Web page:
Happy Father's Day, all!

Friday, May 19

All's Well...Well, Mostly

Pregnancy is going well this time around. I am 16 weeks along now, and while it's not completely gone, the nausea is definitely more manageable now. I still get tired what I consider to be pretty early in the evening (I'm sleeping at least 9-10 hours a night--this from the woman who could last on 3-4 hours if there was a really good episode of Smallville that I wanted to stay up and watch!).

I have felt the baby move (including one big "kick" this week) and have heard the heartbeat twice now (one of the most thrilling things any expectant mother can hear!).

We've been really busy lately, which has made the time pass by faster. Birth time will probably be on me before I know it, before I've bothered to order diapers (I'd like to try cloth from the beginning this time) or pick a name!

As I mentioned in a previous post, we are planning a homebirth, specifically a homebirth after cesarean (HBAC). I would like this birth to be as peaceful and as comfortable as possible with few or no interventions.

Toward that end, I have found a midwife with whom I am very happy. Appointments with her are a totally different ballgame than appointments I've had with doctors/obstetricians. Most of the appointment is spent talking. She asks my input on what tests I would like done and discusses risks openly and honestly. By the time the birth rolls around, I'm sure it will feel like I have a good friend, who happens to be an expert on natural bith, attending me. I will also have the choice of who to have present (or not) and will be in a place where I spend most of my time and in which I am comfortable. I am also confident in her ability to identify problems that indicate the birth needs to take place in a hospital.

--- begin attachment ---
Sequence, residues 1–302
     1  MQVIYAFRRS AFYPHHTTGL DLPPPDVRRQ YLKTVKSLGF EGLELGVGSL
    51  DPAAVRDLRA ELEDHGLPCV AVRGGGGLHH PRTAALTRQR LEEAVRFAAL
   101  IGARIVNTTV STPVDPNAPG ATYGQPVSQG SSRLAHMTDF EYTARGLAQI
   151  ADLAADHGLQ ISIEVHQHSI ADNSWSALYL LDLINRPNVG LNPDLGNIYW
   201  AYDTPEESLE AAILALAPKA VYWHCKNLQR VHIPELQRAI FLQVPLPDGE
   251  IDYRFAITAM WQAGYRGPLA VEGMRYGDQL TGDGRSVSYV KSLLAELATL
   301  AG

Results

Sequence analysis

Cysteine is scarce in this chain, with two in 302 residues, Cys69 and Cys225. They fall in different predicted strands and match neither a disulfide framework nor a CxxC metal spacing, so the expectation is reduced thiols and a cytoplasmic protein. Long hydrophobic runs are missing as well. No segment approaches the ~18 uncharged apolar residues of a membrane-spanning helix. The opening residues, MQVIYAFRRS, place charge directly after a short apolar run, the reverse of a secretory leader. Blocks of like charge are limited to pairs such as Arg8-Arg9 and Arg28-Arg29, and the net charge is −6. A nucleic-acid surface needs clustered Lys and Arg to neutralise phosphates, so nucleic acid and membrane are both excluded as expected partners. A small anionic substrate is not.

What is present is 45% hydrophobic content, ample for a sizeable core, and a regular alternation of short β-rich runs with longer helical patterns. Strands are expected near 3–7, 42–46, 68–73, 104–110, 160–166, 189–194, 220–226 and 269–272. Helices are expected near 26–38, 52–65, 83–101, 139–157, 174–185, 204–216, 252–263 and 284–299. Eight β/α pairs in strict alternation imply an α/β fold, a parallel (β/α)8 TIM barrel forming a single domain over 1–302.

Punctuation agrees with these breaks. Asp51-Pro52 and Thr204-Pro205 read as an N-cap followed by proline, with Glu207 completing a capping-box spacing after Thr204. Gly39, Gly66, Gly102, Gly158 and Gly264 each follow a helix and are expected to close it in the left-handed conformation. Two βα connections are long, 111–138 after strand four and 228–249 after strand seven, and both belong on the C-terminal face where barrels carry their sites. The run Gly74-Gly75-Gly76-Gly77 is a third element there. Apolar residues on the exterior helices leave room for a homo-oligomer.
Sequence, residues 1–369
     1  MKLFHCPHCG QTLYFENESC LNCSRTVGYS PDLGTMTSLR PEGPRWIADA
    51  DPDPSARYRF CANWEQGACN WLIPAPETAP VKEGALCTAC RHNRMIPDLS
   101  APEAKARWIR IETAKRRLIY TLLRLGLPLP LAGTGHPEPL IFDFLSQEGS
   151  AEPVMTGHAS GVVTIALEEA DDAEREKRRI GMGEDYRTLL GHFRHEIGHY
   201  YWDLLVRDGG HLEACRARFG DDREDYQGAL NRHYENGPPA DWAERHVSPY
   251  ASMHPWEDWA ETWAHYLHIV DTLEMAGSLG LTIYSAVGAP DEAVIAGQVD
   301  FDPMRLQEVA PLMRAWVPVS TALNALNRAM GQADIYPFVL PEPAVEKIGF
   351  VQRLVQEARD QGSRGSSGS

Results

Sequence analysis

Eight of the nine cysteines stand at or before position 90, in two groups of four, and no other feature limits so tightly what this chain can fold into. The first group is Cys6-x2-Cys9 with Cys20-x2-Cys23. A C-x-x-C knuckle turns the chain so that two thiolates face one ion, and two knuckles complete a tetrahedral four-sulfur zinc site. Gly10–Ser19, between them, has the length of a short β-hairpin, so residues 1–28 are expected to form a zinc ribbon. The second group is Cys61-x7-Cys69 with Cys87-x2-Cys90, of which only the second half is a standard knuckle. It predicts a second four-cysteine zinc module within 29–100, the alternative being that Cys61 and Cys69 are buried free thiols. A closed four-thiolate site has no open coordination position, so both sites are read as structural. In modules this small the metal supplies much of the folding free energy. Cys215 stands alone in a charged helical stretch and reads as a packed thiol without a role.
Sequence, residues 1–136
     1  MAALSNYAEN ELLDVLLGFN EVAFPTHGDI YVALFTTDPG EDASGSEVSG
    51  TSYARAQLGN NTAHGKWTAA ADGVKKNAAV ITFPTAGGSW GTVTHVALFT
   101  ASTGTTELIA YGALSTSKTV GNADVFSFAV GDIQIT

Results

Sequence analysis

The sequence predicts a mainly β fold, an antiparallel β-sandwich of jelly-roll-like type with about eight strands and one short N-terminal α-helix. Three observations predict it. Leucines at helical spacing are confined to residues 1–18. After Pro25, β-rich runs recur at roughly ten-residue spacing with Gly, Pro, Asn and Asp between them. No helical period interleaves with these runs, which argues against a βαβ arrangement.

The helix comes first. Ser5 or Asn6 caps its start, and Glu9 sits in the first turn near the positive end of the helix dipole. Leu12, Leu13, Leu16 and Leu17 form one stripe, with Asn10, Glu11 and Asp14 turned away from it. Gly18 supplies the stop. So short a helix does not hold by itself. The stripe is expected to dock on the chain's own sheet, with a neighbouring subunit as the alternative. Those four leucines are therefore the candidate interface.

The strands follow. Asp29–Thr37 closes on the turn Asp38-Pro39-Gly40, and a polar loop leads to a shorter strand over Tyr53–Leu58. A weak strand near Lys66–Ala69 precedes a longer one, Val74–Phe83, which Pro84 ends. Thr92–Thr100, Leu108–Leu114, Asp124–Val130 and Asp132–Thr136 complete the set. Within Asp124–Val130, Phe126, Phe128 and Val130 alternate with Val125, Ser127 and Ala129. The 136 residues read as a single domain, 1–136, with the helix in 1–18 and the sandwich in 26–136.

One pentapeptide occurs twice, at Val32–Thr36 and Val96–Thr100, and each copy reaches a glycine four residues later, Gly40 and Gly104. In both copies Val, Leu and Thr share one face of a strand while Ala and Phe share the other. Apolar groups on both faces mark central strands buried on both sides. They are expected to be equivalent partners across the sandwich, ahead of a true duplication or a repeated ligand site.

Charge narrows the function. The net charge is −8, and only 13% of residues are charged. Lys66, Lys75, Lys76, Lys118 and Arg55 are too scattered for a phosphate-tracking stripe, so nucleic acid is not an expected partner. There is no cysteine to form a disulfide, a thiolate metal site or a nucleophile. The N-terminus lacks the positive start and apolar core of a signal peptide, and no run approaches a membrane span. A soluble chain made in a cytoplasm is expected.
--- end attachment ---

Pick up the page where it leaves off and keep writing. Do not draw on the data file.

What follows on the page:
It is definitely a transitional period here in my state, though, as far as midwives go. Direct-entry midwives (e.g., Certified Professional Midwives, like my midwife) were just re-legalized last year, although many were practicing previously anyway to provide women with that choice. I believe new legislation was also passed this year to allow Certified Nurse Midwives to practice without the direct supervision of a doctor, which will give them more freedom to attend homebirths, etc. (In England, they just announced that the government is actually going to start ENCOURAGING women to have homebirths!! *wow*)

As a result of this transition in my state (and probably in much of the U.S.), it's hard to walk the middle line. I've barely begun, and I'm finding the red tape required to get an ultrasound done daunting. My insurance will cover it, so that's not a problem, but it seems I have to go through a doctor to get it. I don't NEED one but would like one in 6-8 weeks just to check that everything is developing well and to be prepared if necessary for any problems.

Do I go through a primary care doctor or make a single appointment with an OB to get it done? I don't like to be dishonest, but I just want one single thing done, and attitudes toward homebirth are not typically rosy among obstetricians these days. I am searching to find someone who might be amenable to the situation and who might also serve as a backup if a transfer to the hospital is necessary during birth. Health insurance is also a problem, just because the two doctors I know of so far that might be okay with it are not in my plan, and I can't afford to go outside of it.

I may just skip this whole ultrasound thing as I don't want my pregnancy filled with unnecessary stress and complications. For now, I'm just trying to take it one step at a time and see how it goes.

Wednesday, April 12

Life and Death